3 strategies to help you cope with change

After a school year full of upheaval, Jo Steer shares wellbeing strategies to help teachers manage change in the future
2nd August 2020, 6:01am


3 strategies to help you cope with change

Teacher Wellbeing: How Teachers Can Cope With Change Amid The Coronavirus Crisis

As teachers, we’re no strangers to dealing with change.

We see our students, subjects, colleagues and job roles change, year upon year. We alter our planning, feedback and delivery continuously to meet the needs of our learners and leaders. We work amidst a backdrop of ever-shifting expectations, policies, pedagogy and goal-posts.

Oh… and we work with kids. So there’s that.

Of course, we can know that change is both constant and inevitable and still find it difficult to deal with. Especially this year, with the rug having been so abruptly pulled out from under us. A rug that is set to be replaced with a different rug in September - one that will likely never feel quite the same as its predecessor.

How teachers can cope with change

Thankfully, there are things that you can do to up your comfort levels when it comes to change. Here’s a few:

Decide what you can and can’t control

When I’ve found my worries spiralling over the past few months, this technique has really helped. Simply grab a sheet of paper and split it into two columns, one headed “can control” and the other “can’t”. Now, get those thoughts on to paper, under these headings.

What you’ll hopefully discover in doing this (particularly if it’s something you do repeatedly) is that even in the most uncertain of years, there are many things that we can control (ie, your breath, your body language, the choices you make, whether you look for solutions/opportunities or see only problems).  

Your mood is determined by whatever you point your attention towards. Therefore, if we consciously direct our attention towards what we can control, we can create a sense of certainty and calm, regardless of what’s happening around us.

Mindfully notice change

Adopt a beginner’s mind, bringing the kind of curiosity and non-judgement that allows you to experience things with fresh eyes. Notice your breath. Follow the inhale and exhale, one after the other. Notice how every breath is different. Every breath is unique.

Now, expand your awareness to the sensations of the body, scanning down from your head to your toes. Witness the feelings as they rise and fall like waves - watch them with curiosity - before bringing that same awareness to your mind. Notice thoughts pass, like clouds in the sky. Notice that much like clouds, no two thoughts are ever quite the same, even those that we repeat daily.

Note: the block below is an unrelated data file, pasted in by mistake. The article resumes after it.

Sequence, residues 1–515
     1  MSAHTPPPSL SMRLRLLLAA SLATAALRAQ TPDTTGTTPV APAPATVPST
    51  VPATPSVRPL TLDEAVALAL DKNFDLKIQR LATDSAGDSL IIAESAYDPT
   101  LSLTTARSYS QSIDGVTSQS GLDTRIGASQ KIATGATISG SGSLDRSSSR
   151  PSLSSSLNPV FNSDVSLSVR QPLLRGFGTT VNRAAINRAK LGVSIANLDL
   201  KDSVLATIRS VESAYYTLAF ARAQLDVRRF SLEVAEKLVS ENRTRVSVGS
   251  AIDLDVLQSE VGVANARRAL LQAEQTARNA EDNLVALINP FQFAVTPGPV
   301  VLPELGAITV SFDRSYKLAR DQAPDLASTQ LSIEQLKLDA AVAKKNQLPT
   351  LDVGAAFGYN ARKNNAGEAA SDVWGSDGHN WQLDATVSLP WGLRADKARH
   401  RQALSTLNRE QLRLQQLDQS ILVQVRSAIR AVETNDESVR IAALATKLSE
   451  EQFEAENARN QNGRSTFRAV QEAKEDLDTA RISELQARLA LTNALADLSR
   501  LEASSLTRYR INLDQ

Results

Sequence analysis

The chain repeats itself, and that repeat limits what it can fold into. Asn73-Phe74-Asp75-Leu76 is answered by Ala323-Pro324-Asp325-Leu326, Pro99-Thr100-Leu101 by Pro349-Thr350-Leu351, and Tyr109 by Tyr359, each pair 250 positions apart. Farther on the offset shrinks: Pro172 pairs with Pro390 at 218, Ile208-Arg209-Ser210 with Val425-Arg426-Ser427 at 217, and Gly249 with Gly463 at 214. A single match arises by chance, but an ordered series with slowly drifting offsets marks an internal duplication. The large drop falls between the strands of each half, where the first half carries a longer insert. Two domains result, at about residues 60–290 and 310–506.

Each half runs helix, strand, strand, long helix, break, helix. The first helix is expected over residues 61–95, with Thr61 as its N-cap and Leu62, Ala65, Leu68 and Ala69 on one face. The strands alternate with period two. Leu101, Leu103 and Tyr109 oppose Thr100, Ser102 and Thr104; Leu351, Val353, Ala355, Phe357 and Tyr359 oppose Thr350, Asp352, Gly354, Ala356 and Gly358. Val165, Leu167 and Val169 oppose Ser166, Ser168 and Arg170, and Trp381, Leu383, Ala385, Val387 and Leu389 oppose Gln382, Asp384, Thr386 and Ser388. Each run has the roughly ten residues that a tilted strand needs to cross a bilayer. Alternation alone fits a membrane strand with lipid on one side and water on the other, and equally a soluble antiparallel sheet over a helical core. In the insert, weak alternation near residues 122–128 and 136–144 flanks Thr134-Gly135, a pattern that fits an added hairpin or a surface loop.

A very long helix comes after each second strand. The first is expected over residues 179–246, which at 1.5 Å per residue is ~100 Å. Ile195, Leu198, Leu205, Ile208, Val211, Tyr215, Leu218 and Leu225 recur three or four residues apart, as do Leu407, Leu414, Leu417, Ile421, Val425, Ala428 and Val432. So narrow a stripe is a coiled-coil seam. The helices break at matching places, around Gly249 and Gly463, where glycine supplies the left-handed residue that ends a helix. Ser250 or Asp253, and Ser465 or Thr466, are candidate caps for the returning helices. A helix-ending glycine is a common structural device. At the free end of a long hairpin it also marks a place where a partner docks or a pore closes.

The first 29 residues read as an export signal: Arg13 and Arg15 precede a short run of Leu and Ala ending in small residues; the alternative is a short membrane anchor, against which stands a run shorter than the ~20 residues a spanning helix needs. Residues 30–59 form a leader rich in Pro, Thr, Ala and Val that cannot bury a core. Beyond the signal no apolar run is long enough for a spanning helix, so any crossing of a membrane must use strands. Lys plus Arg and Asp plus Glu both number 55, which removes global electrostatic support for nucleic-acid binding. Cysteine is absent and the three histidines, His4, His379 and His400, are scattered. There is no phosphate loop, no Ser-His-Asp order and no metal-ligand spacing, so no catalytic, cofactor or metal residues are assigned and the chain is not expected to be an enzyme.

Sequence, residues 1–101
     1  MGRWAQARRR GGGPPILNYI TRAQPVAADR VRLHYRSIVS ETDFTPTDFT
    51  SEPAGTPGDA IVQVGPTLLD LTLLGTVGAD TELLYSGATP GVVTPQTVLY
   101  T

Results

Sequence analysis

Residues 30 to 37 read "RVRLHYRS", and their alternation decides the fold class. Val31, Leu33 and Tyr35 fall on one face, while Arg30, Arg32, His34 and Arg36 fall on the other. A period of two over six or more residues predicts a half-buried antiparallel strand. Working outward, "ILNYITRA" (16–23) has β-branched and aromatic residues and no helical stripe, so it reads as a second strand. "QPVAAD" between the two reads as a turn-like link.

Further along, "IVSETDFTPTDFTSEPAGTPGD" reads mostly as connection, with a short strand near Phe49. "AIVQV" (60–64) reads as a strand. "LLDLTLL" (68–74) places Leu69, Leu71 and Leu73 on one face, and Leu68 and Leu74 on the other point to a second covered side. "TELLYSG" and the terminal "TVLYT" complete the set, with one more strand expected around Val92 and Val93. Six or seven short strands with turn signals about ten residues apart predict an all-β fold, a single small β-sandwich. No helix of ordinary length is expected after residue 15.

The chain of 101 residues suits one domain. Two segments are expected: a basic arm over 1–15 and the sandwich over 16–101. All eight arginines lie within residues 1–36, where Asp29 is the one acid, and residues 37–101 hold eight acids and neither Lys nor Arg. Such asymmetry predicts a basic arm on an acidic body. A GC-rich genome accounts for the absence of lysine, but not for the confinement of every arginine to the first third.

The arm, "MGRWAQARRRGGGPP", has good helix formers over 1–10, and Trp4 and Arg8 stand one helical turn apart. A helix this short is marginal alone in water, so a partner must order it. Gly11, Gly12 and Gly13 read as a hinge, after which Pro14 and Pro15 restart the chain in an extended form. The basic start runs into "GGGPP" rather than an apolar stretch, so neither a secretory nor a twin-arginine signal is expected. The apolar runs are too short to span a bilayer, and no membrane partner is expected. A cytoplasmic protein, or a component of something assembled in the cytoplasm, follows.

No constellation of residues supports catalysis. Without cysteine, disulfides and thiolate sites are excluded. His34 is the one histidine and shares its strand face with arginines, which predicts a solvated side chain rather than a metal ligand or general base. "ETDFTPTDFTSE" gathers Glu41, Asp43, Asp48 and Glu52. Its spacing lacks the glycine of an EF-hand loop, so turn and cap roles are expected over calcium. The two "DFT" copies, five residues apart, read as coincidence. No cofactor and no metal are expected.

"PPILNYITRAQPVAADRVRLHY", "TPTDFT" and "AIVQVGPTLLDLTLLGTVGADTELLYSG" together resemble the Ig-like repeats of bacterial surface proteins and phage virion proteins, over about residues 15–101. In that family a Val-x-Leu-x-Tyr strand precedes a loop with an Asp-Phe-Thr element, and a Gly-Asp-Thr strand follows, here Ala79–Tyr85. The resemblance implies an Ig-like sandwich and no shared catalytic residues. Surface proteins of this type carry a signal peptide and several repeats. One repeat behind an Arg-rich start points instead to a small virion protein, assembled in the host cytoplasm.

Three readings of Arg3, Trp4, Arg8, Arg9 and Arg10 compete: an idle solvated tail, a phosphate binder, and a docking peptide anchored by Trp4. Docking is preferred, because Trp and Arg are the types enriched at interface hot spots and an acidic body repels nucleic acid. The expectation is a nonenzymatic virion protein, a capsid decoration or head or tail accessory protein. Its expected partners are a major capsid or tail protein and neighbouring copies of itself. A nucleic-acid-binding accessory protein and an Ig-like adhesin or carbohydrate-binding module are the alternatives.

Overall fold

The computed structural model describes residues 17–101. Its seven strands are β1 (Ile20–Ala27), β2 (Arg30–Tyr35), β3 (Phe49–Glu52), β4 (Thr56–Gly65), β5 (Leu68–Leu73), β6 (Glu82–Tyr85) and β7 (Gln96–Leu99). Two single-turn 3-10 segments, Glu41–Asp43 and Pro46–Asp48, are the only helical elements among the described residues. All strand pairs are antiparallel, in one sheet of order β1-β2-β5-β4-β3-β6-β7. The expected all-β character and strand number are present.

Finally, bring your attention to your surroundings and explore your senses. Notice the sounds, sights, smells, touch, taste; the way these fluctuate, shift and vary, minute by minute, moment by moment.

Paying attention in this way can be very revealing. Comforting, too, in that it demonstrates the ever-shifting nature of our internal and external environment. It allows us to see change as the constant that it is. A constant that we’ve been coping with all along, without realising it.

Remember your roots

Trees remain balanced and strong throughout changing seasons because their roots keep them fixed to the spot. I think that values work in much the same way for people.

So, what are your core values? Is it more important that you’re dependable or that you’re courageous? Does creativity and innovation matter more to you than status? Is it adventure that you crave or balance? Consider what your top two or three values are and ask whether your daily actions are aligned with them. If they’re not, think on what you might do to change that.

When we live in a way that’s true to what matters to us as individuals, then everything around us matters a lot less.

We can remain calm and steady, no matter what.

Jo Steer is a former leader now working with schools as a wellbeing consultant

You’ve reached your limit of free articles this month

Register for free to read more

You can read two more articles on Tes for free this month if you register using the button below.

Alternatively, you can subscribe for just £1 per month for the next three months and get:

  • Unlimited access to all Tes magazine content
  • Exclusive subscriber-only articles 
  • Email newsletters

Already registered? Log in

You’ve reached your limit of free articles this month

Subscribe to read more

You can subscribe for just £1 per month for the next three months and get:

  • Unlimited access to all Tes magazine content
  • Exclusive subscriber-only articles 
  • Email newsletters